Communism is dead (except on a few American college campuses and in North Korea) but was replaced by several other  “–isms.” A century ago, secular Zionists made Zionism their primary value, and tossed out parts of the Torah that they felt impeded the realization of the Zionist dream. (That notion still exists but the number of adherents has dramatically fallen) In another iteration of this phenomenon, there are radical feminists today who evaluate and scrutinize every aspect of Torah to ascertain what conforms to feminism and what doesn’t – and the latter has to be discarded. That is their erech elyon, their supreme value. Rav Wolbe wrote that some people make money their erech elyon and for others it is the pursuit of honor or pleasure or children. As if to say, my pursuit of pleasure or my children’s happiness comes first – even above the Torah.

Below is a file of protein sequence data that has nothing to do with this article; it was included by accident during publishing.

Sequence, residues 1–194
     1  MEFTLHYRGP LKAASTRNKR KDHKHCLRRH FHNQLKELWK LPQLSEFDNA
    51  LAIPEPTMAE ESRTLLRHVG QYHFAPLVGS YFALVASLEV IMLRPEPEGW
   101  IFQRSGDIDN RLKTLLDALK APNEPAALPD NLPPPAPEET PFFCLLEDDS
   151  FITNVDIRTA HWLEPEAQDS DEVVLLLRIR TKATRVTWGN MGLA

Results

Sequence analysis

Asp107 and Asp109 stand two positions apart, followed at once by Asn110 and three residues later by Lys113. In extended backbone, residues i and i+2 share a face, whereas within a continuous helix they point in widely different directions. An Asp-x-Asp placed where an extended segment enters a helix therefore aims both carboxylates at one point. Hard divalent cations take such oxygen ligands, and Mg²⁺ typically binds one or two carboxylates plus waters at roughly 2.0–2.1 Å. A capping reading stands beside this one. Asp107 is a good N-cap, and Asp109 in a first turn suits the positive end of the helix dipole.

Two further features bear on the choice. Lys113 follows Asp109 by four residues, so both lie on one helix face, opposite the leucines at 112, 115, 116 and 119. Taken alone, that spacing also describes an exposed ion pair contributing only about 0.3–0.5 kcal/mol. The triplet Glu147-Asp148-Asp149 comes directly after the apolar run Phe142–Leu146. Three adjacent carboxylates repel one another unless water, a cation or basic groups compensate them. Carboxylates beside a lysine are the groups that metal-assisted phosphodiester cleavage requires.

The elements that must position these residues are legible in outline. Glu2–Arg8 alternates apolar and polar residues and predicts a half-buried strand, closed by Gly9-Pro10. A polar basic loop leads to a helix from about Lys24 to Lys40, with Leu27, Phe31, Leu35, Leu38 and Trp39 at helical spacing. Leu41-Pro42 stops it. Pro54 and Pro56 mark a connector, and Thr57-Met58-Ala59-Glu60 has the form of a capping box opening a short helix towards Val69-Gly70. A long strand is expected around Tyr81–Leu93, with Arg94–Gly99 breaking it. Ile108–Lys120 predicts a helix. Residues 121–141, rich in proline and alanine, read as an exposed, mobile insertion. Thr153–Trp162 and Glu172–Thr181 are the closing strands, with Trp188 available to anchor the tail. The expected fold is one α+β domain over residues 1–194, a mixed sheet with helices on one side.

It is so difficult to break away from that mindset; but, Rav Wolbe noted, for the faithful Jew there is nothing in the world that we value as much as we value G-d and our relationship with Him and our fidelity to His will. That is always the erech elyon of the faithful Jew, who posits that G-d and His Torah are the primary values and every other value is subordinate. G-d is always at the top of our ladder of values, or is at least supposed to be, and whatever else a Jew values in life – justice, peace, wisdom, even feminism and Zionism, etc. – must fit into the hierarchy of values that places the Torah as supreme.